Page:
1. Certificates: A good way of checking supplier credibility is by going through their certificates. A quality management certificate (ISO 9001) means the supplier meets certain statutory and regulatory requirements and has passed an audit for the same. A social compliance certificate indicates a safe and ethical workplace. An environmental certificate shows their processes don’t harm the environment. For both the social compliance and environmental certificates, suppliers must pass professional audits. As a potential buyer, you can have the supplier audited by a third-party agency or request the supplier for a copy of a certificate based on an earlier audit. Some products (IT equipment, auto parts, electric goods) require a mandatory product certificate called a China Compulsory Certification (CCC) mark, which signifies that their products meet national safety standards. Similarly, specific goods (food items, medical devices) imported into the US and European Union from China require Food and Drug Administration (FDA) certification and Conformité Européenne (CE) marking, respectively.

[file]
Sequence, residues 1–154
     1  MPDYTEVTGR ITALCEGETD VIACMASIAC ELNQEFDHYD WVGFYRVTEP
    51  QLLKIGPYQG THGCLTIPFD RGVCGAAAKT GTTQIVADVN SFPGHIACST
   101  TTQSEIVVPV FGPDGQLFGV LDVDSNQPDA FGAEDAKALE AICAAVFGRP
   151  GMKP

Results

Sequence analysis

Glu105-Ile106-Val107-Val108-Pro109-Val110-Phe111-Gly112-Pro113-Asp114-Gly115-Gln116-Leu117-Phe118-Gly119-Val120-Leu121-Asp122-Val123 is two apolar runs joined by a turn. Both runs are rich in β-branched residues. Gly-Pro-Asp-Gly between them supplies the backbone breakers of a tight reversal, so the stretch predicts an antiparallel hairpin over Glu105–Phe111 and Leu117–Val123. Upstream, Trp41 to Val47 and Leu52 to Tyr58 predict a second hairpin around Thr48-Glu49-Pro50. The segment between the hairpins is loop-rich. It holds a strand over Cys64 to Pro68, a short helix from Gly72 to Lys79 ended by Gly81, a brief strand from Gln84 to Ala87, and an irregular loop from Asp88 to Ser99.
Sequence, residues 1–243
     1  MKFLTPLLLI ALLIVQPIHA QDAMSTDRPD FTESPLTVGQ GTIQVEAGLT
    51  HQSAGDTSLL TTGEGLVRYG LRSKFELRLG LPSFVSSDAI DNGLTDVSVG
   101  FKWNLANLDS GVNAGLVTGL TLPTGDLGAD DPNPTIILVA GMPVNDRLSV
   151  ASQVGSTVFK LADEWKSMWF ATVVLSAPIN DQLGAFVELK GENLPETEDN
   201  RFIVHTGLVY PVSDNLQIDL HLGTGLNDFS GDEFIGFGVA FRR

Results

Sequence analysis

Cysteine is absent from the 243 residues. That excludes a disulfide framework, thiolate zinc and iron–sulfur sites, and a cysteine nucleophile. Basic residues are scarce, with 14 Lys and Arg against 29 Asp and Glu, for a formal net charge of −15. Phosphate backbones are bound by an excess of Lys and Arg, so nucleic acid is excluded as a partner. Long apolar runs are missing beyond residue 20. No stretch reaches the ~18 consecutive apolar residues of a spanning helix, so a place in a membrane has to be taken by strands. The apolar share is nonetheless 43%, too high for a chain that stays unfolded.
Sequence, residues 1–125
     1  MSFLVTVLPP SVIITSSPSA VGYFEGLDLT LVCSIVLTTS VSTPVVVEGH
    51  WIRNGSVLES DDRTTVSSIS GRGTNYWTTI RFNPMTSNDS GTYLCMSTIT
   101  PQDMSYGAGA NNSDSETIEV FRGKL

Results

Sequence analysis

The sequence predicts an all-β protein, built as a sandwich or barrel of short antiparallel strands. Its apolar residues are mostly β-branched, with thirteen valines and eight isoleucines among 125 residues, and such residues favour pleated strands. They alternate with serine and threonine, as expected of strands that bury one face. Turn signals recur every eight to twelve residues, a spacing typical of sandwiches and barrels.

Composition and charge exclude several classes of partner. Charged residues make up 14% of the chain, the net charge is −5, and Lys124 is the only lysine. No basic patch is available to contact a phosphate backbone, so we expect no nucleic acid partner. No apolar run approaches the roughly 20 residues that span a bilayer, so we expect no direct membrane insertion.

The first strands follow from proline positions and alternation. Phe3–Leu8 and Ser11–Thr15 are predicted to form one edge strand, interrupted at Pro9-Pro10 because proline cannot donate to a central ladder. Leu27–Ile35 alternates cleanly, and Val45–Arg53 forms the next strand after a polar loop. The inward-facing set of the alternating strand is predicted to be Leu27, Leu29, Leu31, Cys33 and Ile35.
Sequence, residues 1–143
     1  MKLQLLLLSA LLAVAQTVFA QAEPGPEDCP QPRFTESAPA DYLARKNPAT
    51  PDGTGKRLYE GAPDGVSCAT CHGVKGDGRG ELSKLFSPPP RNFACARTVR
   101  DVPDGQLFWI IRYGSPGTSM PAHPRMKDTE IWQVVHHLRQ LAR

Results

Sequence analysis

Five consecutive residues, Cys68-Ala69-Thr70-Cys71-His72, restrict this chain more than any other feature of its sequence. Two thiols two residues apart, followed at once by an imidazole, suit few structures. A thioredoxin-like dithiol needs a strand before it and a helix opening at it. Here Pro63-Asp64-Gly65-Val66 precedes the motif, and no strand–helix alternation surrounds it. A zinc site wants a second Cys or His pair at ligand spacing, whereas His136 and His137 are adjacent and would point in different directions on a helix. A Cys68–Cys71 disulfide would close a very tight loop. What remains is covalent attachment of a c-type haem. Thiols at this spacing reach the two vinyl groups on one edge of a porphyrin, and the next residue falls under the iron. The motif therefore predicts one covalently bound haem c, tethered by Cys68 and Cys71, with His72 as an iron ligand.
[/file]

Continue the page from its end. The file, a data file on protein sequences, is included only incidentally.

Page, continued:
1. Value-added Tax (VAT) invoice: In order to avail of government rebates on VAT paid on inputs, Chinese suppliers must issue a VAT invoice. The importer can request their supplier for a copy of their VAT invoice, which is proof that the supplier is a legitimate entity.              
  1. Product catalogue: Factories in China specialise in one or a few products. Like experience, expertise counts when making high-precision, customised goods. If the supplier’s product catalogue has a wide variety of products with little in common, they are most likely a trading company.

Read our guide to quality control and inspections in China here.

Step 4: Locate and audit